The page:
FL families still struggling

Life after Hurricane Wilma is still harsh for many south Florida residents.

BY HEATHER MOYER | BELLE GLADE, Fla. | March 10, 2006



"We're standing in the gap for these people."

—Rev. Kenneth Jackson


Life after Hurricane Wilma is still harsh for many south Florida residents as housing and employment opportunities remain scarce.

One pastor said due to the lingering problems, most aid made available to the affected families is snatched up very quickly.

"We received our second aid shipment two weeks ago, and the food was gone the next day," said the Rev. Kenneth Jackson, Jr., pastor of Glades Covenant Community Church in South Bay.

Hurricane Wilma compounded many poverty issues already present in the South Bay and Belle Glade areas, a rural area home to many senior citizens and migrant farm workers. Jackson's church received two shipments of aid from the Mennonite Central Committee (MCC). Besides food, the shipments included blankets, health kits and school kits. Those items also moved quickly out of the church, added Jackson.

He said his church might be small, but they want to help the affected families. "We're pretty much people who are really concerned about what we can do to make a difference," said Jackson of his 60-member congregation.

For the large migrant farm worker population around Belle Glade, life was recently made even more difficult by a severe freeze which destroyed many local crops. With no source of income, families are becoming more desperate. The donated food from MCC got the families through that rough time, but the problems still linger. And so Jackson is now working closely with other community groups in Belle Glade and around Palm Beach County to meet the needs of the Wilma survivors. He said a local long-term recovery organization should be formed very soon.

Meeting the needs of many local residents is also a challenge due to trust issues. "Some of us didn't have these relationships with the families before the storm," explained Jackson. "So now we're doing those things it takes to build trust in any relationship."

Much of the local population is Hispanic, too, with Jackson noting that the trust issues also stem from the families legal documentation issues. Reaching out to these families is still a priority, though, with Jackson noting that, "We are standing in the gap for these people."

With little to no affordable housing or rental properties in the area, the involved agencies are trying to get the families' trailers and homes repaired. Jackson said sometimes the agencies' hands are tied because affected families are living in rental properties already. "Housing is a major issue. Much of the housing here is substandard, and even then frequently the families don't own it," he explained.

"Helping the landowners and landlords is a concern at times, we're afraid to do it because they might turn around and evict the current families and start charging higher rent."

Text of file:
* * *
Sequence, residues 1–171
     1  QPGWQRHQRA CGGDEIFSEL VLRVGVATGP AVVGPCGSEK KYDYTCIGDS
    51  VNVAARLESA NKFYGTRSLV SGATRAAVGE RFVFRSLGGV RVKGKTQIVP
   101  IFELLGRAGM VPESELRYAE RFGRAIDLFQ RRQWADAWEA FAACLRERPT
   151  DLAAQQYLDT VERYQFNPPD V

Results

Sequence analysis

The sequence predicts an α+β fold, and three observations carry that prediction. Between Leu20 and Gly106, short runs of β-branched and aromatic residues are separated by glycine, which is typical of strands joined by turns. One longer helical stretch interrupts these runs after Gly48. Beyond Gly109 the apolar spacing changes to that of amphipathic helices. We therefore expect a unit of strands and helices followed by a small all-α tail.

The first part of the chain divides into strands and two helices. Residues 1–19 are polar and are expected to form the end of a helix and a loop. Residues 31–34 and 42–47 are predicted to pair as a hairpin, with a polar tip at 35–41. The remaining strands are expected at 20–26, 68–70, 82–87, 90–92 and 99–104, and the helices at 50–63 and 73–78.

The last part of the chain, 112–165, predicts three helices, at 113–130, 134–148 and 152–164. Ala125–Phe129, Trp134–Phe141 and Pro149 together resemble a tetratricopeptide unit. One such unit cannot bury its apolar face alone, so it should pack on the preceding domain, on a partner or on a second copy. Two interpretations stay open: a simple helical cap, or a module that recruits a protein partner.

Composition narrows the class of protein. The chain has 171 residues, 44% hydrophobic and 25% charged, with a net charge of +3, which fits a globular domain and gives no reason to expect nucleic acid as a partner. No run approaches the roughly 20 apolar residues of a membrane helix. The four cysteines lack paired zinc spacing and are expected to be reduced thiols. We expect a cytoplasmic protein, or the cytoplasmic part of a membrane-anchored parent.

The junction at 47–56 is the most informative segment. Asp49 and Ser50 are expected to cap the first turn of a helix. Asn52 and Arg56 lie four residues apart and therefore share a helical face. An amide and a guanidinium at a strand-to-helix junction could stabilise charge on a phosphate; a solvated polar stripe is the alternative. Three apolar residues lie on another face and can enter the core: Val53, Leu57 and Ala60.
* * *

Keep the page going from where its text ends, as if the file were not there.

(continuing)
Katie Dodd, a case manager for Christians Reaching Out to Society (CROS) Ministries, also lamented the housing crisis in the area. CROS is a social service agency covering all of Palm Beach County. "A lot of the trailers were completely demolished (by Wilma). Families have to live with other families, they have nowhere else to go because if they don't fix their mobile homes then they're out of luck."

And so CROS case managers are acting as housing advocates for the affected families to the Federal Emergency Management Agency (FEMA). Dodd said her agency has little funding to help repair trailers, and finding affordable housing is next to impossible. Some funds have come down through the United Way, but Dodd said so much more help is needed.

One positive note for the families around Belle Glade is the volunteer work crews in on behalf of the Christian Reformed World Relief Committee (CRWRC). The crews arrived in the area in late January to repair and rebuild homes. Dodd said the crews have already completed 15 projects. "They're awesome, and there's plenty more to do. There's so much need in that area, there will always be homes to fix."

Beyond housing, other issues will be present for the area families as well. Jackson said local churches are reaching out to find out just what else families need. "Many families have not come forward yet, but we know others are still in need," he said. "The need is great, and we'll do whatever we can, be it helping them with groceries or bills. We don't have a limited time for helping those families."

That kind of support is necessary, said Dodd, especially when seeing the emotions survivors are experiencing now some four months after Wilma tore through. "I'm still doing visits with families, and they're tired. You go to some of them and ask for paperwork and they don't get it back to you. It's because they're so tired at this point. They've lost hope and are thinking they may have to live like this for a long time."


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More links on Hurricanes

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Related Links:

Mennonite Central Committee

Mennonite Disaster Service

CROS Ministries

Christian Reformed World Relief Committee

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